The prevailing narrative in UK policy-making circles is that we lack evidence around how
engagement in the arts – as an audience member and/or practitioner – affects our physical and
psychological health over time. Between February and July 2014, research was conducted
which sought to address this perceived deficit in several ways.
In the first place, this research adopted an international perspective to locate and
critically analyse those English-language studies to have explored the association
between arts engagement and health. This gave rise to an evidence base, comprised
of fifteen studies, which collectively suggest that arts engagement has a beneficial
impact upon health over time. This observation, made in relation to a range of chronic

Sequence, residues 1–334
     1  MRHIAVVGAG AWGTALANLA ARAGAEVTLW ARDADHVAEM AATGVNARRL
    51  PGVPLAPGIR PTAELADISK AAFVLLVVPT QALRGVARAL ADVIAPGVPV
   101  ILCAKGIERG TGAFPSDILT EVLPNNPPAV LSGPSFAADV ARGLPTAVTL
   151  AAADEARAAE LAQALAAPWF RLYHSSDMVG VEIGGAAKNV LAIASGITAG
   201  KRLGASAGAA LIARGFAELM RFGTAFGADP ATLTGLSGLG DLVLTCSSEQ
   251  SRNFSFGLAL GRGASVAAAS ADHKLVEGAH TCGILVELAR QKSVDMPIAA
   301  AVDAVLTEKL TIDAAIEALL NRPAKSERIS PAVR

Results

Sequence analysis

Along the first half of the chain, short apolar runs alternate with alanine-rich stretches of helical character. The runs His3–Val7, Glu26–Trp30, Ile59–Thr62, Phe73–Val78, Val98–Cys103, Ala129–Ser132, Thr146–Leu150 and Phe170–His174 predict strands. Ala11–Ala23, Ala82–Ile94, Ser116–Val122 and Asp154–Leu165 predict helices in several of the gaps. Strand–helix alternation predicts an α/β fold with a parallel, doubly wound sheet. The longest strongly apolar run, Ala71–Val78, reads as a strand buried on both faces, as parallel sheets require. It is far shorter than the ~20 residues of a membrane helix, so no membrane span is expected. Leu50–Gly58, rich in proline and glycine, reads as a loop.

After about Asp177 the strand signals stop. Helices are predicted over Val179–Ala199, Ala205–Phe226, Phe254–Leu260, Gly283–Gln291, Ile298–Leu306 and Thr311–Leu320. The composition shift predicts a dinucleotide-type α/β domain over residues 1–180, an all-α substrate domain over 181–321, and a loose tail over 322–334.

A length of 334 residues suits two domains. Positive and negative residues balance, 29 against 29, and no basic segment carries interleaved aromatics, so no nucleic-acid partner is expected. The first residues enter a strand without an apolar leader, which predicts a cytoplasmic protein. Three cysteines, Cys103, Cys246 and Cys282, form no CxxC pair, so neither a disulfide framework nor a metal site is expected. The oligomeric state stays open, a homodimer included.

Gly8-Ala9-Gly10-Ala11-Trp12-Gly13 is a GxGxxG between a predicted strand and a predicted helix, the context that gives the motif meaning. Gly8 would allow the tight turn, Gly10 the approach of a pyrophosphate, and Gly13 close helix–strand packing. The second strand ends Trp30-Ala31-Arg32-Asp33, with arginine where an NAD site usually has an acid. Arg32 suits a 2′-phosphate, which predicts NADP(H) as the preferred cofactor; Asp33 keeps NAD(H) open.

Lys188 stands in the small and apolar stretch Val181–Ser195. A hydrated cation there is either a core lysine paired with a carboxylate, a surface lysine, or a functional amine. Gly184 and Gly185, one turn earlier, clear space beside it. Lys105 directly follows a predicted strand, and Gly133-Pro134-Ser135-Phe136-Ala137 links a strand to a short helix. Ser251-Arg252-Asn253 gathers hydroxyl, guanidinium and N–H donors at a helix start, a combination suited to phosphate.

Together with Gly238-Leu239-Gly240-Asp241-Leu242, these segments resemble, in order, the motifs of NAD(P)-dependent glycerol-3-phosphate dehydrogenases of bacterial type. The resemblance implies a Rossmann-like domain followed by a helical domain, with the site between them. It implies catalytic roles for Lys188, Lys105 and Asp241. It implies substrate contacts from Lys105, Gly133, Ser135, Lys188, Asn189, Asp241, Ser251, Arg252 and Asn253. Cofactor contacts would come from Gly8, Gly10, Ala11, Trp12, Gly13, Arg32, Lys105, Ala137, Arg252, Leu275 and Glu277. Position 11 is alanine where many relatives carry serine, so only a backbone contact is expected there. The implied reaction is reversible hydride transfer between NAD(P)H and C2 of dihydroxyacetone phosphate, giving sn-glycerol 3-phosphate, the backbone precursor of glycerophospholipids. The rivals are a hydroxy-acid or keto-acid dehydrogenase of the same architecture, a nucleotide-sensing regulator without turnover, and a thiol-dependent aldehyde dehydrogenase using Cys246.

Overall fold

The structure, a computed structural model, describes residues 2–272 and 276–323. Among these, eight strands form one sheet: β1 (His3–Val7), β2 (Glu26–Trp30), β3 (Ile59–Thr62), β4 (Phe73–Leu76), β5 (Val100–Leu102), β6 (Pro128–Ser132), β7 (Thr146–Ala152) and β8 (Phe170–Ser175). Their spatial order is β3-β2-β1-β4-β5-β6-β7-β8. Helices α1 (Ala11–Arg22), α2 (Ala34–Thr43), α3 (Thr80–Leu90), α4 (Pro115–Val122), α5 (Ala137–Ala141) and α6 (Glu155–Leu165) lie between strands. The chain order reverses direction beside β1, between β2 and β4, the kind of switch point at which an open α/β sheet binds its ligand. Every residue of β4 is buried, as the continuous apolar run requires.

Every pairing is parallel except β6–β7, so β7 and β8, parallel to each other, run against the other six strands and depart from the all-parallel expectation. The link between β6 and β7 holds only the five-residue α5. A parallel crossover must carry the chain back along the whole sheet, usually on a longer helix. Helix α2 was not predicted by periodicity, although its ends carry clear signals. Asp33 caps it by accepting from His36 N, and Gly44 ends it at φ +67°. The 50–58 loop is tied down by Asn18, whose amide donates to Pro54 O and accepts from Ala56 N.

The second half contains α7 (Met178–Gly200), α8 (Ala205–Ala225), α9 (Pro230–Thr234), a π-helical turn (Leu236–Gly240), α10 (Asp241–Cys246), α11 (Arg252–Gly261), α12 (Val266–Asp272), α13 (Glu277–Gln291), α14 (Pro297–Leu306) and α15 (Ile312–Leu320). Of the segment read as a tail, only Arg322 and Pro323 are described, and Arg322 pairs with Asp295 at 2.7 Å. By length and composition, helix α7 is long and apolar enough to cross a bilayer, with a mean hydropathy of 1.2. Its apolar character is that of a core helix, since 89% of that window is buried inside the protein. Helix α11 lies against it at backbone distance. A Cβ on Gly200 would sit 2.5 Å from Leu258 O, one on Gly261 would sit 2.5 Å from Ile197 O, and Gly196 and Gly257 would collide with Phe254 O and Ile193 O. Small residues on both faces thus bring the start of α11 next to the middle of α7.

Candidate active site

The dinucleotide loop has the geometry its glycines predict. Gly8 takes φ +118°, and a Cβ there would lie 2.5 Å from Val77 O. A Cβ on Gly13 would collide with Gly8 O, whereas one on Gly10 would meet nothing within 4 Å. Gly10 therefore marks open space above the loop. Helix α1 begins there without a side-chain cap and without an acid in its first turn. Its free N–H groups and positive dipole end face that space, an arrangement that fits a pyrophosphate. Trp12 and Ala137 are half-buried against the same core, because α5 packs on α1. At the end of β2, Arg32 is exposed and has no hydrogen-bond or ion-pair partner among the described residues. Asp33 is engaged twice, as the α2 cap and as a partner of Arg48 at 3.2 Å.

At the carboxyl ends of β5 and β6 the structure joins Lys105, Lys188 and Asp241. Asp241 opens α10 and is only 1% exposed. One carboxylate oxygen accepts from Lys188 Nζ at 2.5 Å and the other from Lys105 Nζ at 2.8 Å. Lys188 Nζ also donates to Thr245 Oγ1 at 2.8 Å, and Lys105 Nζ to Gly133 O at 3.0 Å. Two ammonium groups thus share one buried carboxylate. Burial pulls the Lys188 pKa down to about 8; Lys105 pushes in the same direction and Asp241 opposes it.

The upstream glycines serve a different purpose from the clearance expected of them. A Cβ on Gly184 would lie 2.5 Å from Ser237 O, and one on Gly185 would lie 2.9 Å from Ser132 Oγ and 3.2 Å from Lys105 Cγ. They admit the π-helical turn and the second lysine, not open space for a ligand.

diseases, prompted a detailed consideration of the likely physiological and molecular
biological mechanisms underlying any positive results.
Attention was then turned to the likelihood of replicating and elaborating upon these
results. This necessitated a critical appraisal of the population-based datasets
underpinning international studies and a consideration of their UK comparators.
Complemented by detailed consultation with leading researchers in the field, this part of
the project yielded a series of recommendations for future analyses of the relationship
between arts engagement and health in the UK and beyond. This takes account of
the potential for further longitudinal studies, intervention into the surveys making up
the relevant datasets and an ambitious new biomedical analysis. In this effort, it is
suggested, attention will need to be paid to persistent inequalities of access to the arts,
health and economic resources. It is to be hoped that past and future research in this
area will provide the necessary evidence for policy-makers to invest in high-quality arts
activities well beyond the clinical environment.
Download the report Exploring the Longitudinal Relationship between Arts Engagement and Health.